The retracted paper left the public with the impression that ecstasy is far more hazardous than it may actually turn out to be. This perception may have influenced the fate of the Reducing Americans’ Vulnerability to Ecstasy Act. The act, which was appended to another bill and signed into law in April, holds club owners responsible for drug use on their premises. Critics say it is unlikely to reduce ecstasy use, but may discourage club owners from voluntary measures to protect users, such as cool-off rooms for the dangerous overheating that can occur with ecstasy, as these are tantamount to admission that drug use is going on.The legislation might have passed anyway, even if Ricaurte’ s study had never been published, but the news certainly lent it urgency.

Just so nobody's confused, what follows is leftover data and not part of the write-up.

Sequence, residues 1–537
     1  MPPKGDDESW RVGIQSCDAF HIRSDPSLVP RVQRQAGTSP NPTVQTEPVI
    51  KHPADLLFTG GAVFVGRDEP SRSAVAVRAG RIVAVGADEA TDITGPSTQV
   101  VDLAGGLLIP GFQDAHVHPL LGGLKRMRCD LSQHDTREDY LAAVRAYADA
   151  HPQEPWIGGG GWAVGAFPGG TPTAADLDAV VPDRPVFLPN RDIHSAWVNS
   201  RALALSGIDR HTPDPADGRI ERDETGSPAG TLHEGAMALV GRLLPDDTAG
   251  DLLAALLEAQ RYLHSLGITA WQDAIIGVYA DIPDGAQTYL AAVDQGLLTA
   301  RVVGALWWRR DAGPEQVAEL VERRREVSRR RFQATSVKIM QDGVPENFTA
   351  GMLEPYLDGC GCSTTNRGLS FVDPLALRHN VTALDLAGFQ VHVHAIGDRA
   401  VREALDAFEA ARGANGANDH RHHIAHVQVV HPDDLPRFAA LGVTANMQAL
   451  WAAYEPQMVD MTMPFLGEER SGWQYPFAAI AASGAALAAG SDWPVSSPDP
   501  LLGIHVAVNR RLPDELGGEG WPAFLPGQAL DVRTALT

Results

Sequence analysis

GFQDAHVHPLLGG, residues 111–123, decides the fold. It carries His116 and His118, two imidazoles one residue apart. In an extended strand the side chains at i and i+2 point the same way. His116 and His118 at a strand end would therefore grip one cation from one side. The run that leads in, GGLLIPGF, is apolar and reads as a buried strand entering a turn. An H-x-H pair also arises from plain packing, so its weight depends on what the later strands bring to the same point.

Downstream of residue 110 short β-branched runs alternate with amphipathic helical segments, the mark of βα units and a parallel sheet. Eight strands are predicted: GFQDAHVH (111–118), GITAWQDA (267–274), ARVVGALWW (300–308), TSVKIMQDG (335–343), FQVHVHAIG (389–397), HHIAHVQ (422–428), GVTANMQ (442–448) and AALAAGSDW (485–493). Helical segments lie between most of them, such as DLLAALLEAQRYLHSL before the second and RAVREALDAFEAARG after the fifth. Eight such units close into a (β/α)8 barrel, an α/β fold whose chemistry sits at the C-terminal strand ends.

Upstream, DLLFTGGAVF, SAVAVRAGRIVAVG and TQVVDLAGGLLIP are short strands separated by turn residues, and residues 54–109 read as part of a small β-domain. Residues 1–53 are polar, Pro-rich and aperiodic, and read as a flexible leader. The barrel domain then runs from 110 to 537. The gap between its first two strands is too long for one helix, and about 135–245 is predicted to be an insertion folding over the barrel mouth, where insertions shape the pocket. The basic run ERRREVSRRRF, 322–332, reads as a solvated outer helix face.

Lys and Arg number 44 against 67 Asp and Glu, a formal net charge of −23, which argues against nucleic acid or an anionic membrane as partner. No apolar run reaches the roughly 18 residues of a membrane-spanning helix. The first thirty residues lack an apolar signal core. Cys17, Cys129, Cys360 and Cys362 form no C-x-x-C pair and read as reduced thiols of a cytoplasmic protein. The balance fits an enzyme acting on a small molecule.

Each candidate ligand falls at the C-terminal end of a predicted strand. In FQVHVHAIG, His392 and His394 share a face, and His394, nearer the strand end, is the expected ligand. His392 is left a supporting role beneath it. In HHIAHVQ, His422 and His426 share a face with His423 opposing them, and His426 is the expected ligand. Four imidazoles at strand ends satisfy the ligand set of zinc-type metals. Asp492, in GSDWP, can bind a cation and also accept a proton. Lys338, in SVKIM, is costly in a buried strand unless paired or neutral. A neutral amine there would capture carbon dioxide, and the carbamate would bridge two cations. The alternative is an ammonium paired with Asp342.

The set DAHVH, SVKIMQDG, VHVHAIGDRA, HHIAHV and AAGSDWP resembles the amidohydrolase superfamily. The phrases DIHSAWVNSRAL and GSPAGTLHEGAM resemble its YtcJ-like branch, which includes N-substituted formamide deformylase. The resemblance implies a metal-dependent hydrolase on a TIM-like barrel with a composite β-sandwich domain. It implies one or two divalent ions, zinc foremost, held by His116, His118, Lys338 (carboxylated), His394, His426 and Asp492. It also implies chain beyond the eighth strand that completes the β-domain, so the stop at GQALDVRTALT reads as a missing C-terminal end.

The impression that low doses of ecstasy,or MDMA,are extremely dangerous â€" misleadingly borne out by Ricaurte’s study, but not by two decades of observing the drug being used â€" will hamper legitimate research to determine whether MDMA could have useful psychotherapeutic properties.Proponents claim that MDMA can be a powerful adjunct to psychotherapy for conditions such as posttraumatic stress disorder,because it promotes self-awareness.At least three studies of this are now under way in Europe. But funding for such work isn’t forthcoming in the United States, and proponents say that part of the blame rests with Ricaurte’s now-discredited study. Another remarkable aspect of this episode is the public endorsement of the study, at the time of its publication, by Alan Leshner, chief executive of the AAAS and former director of NIDA. It isn’t clear why an officer of the AAAS should be involved at all in publicly promoting a particular result published in its journal, least of all one whose outcome was questioned at the outset by several experts. The AAAS issued the retraction late in the afternoon on Friday 5 September, resulting in low-key media coverage, which contrasts sharply with the hype surrounding the initial paper.